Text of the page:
So, you have a great day at school. Your teachers laugh at your jokes. You get a 95 on your math exam. You talk to one of your teachers during lunch. They tell you are a remarkable young man. You leave the school at three and walk home. You’re in high gear. The world is your oyster.
Then you walk through the front door of your home. Your mother is screaming at your father. You duck as a frying pan comes flying across the kitchen. She’s yelling at your dad, “you took Janet to the drive in, didn’t you? I saw the popcorn in the back seat of the car. You’ve been sleeping with her again.” Janet was my red-headed Brenda Star look-alike aunt, my mother’s sister-in-law.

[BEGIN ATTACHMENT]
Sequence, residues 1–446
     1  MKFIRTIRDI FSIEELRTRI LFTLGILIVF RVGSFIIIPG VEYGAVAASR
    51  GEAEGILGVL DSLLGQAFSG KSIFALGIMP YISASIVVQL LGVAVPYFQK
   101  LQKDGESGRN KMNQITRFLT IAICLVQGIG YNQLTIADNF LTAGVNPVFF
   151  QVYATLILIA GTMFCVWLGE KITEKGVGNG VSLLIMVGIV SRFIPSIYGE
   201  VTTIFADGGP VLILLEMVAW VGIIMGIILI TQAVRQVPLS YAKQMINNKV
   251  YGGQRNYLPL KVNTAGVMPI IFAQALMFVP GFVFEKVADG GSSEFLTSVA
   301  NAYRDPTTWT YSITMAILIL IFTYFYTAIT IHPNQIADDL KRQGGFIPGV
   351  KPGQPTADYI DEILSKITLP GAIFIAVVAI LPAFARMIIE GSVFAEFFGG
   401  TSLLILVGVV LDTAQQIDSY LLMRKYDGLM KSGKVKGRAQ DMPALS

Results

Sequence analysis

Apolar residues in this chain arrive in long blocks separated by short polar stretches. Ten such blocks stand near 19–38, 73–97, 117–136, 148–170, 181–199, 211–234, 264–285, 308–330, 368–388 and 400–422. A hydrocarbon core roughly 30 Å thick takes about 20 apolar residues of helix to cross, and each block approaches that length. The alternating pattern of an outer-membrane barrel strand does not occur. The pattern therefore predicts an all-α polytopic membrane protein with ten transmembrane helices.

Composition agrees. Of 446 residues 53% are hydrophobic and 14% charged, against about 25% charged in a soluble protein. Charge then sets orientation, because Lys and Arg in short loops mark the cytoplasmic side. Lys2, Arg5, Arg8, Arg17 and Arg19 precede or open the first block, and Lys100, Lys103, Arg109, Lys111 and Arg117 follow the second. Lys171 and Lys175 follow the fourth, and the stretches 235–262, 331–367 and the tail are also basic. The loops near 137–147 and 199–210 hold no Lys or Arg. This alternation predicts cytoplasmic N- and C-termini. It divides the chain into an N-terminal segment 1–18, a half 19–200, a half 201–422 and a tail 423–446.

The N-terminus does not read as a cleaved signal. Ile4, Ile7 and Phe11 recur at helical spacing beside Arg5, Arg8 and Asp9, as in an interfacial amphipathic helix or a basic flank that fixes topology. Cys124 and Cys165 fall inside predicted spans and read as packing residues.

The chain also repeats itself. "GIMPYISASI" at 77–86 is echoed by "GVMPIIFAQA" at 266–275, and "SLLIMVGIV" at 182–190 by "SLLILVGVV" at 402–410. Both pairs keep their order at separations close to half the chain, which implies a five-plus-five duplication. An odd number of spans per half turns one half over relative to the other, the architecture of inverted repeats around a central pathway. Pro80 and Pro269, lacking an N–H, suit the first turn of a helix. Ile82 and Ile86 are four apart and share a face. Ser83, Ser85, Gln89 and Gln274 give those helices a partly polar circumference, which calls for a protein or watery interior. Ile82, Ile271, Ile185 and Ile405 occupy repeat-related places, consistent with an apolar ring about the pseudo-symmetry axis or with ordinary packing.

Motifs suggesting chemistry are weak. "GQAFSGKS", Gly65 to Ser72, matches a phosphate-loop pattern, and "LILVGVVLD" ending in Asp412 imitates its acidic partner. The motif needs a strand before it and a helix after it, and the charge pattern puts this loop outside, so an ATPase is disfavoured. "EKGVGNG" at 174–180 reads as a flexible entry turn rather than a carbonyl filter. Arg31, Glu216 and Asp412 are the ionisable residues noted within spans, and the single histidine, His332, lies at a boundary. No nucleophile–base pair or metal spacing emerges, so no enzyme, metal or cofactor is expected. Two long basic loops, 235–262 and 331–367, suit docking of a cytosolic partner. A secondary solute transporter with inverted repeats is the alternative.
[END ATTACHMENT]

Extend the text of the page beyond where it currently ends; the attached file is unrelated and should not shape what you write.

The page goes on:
That was the daily routine: Great day at school. The Inferno at home. Kids, of course, learn to make connections, as irrational as they may be. When they are nurtured in one place and are dragged into the emotional muck in another, they begin to believe that, not only are there no guarantees in life, but that life cannot be trusted to offer any permanent security. They will always ask themselves, “when is the other shoe going to fall off?” And they view happiness as an occasional blip on the machine of life, more often than not, set on disappointment. Continue reading